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days of session: 103


Regular sessions shall be adjourned sine die no later than Saturday of the week in which the one hundredth day from the beginning of each regular session falls. The President and Speaker of the House may by declaration authorize the extension of the session for a period of not to exceed seven additional days. Thereafter, the session can be extended only by the Senate and House by a majority vote of the members present in each body. 

in focus

One year after the largest teachers’ strike in Arizona history, the debate over education funding rages on at the State Capitol. 

Discussions this week centered on a pair of mirror bills sponsored by Sen. Sylvia Allen (R-Snowflake) and Rep. Michelle Udall (R-Mesa) that would refer to the 2020 ballot a proposal to hike the state’s existing .6-percent sales tax (enacted under Prop 301) to a full cent. Doing so would generate an estimated $1 billion or more annually for public education in Arizona – with K-12 schools receiving 75% of the funding, universities 20% and community colleges the remaining 5%. Arizona Republican Party Chairwoman Kelli Ward stunned onlookers this week with her public endorsement of the tax referral, though she later walked back her initial comments by saying she would likely not campaign or vote for the proposal if it makes the ballot.

Conservatives are wary of the penny proposal. Democratic legislators are also, with many arguing the plan is either insufficient or that any sales tax increase is regressive in nature and would harm low-income Arizonans.

The absence of a legislative referral doesn’t mean the 2020 ballot won’t see a tax proposal for education, though. Players behind last year’s failed Invest in Education measure are rumored to be plotting a sequel. The 2018 proposal, which would have increased income tax rates for high earners, was tossed from the ballot by the Arizona Supreme Court due to a filing error. Opponents likely can’t count on similar good fortune this time around.

Will the 2020 ballot see Invest in Ed, Part II? Do lawmakers attempt to derail an education initiative with a tax referral less onerous to small businesses and the wealthy? Is #RedforEd dead?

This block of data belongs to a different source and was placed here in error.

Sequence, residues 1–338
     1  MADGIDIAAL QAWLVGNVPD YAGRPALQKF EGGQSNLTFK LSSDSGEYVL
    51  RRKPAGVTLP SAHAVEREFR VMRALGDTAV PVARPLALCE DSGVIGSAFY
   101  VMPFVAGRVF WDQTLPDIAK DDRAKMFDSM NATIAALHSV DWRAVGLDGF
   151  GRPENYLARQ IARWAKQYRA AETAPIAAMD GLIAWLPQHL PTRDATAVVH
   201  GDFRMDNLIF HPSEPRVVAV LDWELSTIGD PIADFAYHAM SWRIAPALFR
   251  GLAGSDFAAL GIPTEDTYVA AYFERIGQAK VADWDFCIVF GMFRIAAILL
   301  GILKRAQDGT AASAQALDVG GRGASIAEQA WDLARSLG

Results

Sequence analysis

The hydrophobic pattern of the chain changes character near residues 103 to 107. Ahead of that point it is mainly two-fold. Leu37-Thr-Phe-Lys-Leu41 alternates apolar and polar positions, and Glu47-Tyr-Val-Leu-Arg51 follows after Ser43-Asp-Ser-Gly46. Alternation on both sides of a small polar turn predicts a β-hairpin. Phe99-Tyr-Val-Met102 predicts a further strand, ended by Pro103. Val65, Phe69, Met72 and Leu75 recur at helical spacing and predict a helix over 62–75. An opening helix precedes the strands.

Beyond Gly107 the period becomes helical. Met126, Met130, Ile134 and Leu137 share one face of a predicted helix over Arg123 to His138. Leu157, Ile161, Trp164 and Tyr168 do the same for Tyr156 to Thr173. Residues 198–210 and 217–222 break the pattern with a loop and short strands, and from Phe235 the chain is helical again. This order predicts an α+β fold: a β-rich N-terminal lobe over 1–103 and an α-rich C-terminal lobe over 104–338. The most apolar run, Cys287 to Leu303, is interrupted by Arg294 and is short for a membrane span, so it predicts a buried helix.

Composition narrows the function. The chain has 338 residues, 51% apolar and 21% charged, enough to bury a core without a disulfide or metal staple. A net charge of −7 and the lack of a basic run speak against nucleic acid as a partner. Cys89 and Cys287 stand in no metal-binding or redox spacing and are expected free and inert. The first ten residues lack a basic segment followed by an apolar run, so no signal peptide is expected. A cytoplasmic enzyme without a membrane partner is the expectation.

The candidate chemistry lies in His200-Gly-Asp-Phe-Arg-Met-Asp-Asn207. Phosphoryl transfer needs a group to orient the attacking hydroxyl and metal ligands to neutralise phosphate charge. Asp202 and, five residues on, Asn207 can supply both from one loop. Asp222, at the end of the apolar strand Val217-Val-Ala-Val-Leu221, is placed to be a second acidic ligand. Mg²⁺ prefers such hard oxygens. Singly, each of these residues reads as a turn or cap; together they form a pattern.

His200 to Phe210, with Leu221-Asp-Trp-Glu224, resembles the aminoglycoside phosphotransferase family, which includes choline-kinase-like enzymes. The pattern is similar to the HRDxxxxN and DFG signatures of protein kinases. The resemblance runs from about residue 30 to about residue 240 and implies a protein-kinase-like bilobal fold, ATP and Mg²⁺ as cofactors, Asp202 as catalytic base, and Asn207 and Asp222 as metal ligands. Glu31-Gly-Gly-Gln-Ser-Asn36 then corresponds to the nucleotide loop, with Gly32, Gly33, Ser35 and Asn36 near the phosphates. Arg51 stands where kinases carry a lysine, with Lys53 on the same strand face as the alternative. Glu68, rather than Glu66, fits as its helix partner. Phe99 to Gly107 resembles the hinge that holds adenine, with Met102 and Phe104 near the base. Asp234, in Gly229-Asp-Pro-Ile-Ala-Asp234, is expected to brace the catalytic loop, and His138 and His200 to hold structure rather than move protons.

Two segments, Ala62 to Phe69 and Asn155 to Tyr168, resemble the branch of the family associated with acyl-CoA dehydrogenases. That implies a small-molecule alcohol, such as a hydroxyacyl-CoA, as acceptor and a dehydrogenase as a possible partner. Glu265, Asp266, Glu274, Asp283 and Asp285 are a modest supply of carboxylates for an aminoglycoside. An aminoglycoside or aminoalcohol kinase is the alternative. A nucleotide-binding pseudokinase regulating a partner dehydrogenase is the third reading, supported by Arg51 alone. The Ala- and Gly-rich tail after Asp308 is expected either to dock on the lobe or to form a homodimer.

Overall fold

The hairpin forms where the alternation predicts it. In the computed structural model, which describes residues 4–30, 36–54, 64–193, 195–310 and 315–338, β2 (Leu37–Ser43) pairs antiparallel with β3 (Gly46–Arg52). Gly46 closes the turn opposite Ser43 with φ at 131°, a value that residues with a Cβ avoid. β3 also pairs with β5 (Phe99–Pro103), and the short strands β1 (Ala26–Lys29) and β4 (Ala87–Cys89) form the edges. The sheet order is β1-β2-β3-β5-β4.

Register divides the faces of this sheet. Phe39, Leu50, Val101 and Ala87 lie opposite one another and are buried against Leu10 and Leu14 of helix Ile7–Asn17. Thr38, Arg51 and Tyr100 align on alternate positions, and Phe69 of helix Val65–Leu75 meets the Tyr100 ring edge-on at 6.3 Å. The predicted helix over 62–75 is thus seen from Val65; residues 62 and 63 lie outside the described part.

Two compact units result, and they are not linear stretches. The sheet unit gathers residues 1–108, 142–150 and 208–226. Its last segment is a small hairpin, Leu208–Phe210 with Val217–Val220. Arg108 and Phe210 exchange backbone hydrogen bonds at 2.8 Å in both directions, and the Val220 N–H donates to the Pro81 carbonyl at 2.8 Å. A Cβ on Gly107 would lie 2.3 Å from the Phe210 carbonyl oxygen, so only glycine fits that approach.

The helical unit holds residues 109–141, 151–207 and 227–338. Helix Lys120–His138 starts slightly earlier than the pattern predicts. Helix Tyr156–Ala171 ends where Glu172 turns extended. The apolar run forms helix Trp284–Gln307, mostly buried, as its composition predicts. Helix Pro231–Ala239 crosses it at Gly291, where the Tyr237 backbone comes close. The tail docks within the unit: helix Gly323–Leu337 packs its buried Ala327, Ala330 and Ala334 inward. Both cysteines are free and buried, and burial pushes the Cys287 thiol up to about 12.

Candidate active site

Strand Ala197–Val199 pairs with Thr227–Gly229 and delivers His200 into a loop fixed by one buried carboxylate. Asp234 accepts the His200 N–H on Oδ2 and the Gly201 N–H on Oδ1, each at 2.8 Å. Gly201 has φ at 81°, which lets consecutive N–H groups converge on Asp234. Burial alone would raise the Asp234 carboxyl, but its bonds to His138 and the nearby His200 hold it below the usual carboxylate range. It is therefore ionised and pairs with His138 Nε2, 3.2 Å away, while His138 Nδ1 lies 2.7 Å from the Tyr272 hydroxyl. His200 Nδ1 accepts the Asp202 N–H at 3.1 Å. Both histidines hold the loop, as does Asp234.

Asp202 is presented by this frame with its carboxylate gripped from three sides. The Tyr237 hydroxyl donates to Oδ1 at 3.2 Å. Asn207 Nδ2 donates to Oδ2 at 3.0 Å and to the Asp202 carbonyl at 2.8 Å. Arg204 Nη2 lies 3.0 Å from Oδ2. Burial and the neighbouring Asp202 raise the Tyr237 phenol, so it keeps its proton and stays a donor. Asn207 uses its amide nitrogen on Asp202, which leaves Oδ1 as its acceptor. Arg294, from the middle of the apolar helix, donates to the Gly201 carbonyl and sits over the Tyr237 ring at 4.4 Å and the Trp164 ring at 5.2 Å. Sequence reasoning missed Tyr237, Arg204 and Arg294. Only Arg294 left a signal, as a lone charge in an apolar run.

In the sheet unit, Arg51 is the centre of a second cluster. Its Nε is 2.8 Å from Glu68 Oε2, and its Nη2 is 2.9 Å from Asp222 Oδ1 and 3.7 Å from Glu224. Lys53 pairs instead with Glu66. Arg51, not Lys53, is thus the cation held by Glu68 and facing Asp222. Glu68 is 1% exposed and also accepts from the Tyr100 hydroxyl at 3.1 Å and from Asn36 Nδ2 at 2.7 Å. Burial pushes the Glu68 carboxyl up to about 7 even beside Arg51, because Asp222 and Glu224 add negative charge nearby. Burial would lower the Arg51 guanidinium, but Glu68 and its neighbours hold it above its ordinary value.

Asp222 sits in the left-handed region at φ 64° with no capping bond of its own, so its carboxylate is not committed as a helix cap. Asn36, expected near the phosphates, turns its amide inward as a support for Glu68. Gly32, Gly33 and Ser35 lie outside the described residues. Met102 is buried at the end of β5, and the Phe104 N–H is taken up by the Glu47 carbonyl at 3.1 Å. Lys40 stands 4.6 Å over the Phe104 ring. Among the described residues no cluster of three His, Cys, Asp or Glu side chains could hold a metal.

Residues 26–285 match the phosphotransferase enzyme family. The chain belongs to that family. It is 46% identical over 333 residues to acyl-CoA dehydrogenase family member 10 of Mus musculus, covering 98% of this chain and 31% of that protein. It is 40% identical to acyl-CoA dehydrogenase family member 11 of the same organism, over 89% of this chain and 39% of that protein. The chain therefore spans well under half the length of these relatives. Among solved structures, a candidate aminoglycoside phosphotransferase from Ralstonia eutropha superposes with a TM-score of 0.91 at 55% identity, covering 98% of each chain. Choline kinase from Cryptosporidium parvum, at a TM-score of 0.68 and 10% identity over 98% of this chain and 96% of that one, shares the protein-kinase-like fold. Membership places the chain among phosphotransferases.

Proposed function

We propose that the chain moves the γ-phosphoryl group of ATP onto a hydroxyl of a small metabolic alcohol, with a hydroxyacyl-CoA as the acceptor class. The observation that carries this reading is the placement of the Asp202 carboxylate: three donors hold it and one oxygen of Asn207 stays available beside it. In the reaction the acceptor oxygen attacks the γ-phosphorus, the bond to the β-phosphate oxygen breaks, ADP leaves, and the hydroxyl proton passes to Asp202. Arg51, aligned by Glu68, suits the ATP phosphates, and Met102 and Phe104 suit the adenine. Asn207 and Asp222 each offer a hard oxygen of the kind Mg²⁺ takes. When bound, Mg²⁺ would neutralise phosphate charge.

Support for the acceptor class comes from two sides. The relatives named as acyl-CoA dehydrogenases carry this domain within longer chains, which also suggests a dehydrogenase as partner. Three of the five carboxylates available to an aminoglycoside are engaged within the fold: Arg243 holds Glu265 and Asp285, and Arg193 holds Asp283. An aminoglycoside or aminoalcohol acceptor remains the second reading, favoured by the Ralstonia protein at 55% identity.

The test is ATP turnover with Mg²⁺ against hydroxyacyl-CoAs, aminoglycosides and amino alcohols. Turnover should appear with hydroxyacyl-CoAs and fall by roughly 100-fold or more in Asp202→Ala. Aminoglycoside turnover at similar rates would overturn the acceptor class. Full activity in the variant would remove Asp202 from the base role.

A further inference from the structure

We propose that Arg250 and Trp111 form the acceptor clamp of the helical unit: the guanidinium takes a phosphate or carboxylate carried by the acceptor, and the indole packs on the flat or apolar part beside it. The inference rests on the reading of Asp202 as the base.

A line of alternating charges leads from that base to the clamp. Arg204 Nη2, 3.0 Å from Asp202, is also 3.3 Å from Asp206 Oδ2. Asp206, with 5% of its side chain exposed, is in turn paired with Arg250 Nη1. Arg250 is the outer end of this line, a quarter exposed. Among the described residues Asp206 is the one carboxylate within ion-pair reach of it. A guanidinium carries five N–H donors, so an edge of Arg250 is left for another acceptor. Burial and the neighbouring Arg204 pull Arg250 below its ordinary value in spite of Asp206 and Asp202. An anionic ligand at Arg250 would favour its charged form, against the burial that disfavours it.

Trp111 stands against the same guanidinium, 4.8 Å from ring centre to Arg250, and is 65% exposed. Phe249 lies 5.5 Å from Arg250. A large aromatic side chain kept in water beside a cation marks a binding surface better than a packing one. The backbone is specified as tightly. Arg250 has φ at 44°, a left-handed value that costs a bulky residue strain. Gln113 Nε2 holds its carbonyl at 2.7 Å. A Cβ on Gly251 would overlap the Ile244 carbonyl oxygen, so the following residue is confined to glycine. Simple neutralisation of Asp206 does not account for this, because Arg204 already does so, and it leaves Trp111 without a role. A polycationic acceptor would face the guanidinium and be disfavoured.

Check back in a month.

Phoenix scored well on a recent ranking from LendingTree's Magnify Money, which compared the 50 largest U.S. metro areas on several factors to determine which cities were the best and worst for working women.

[...] The final score for each metro area was determined by a number of factors: the percentage of women who are unemployed, the percentage of businesses owned by women; the percentage of women who are managers; the median earnings gap between men and women; the percentage of women with employer-based health insurance; the percentage of median women's earnings needed to pay for daycare; the percentage of state legislators who are women and the Parental & Pregnancy Workplace State Protection score.

[...] Phoenix scored near the top in terms of the percentage of businesses owned by women, at 38.6%, while 39.2% of managers in the area are female. The city also reported on of the lowest gaps between the median earnings of men and women, at 15.6% — but didn't score as well with the percentage of state lawmakers who are women (38.9%).


Phoenix and Tucson may still merge by 2040.

A 2005 prediction for the cities with downtowns separated by 120 miles didn't seem far fetched when proclaimed by growth experts during the housing boom.

But when the bust started in 2007 and stretched to 2011, such a prediction seemed unlikely.

Now, metro Phoenix is on another growth streak.

New census data shows Maricopa County grew faster than any other county in the nation for the second year in a row.

Population projections for metro Phoenix could mean it will join with Tucson somewhere in Pinal County in about two decades, if the numbers are right and the Valley's growth engine doesn't stall again.   [...]

He’s running.

Former Vice President Joe Biden on Thursday entered the race for the Democratic Party’s presidential nomination, after months of will-he-or-won’t-he speculation.

"The core values of this nation, our standing in the world, our very democracy, everything that has made America — America — is at stake. That’s why today I’m announcing my candidacy for President of the United States," Biden said in a video posted just after 6 a.m.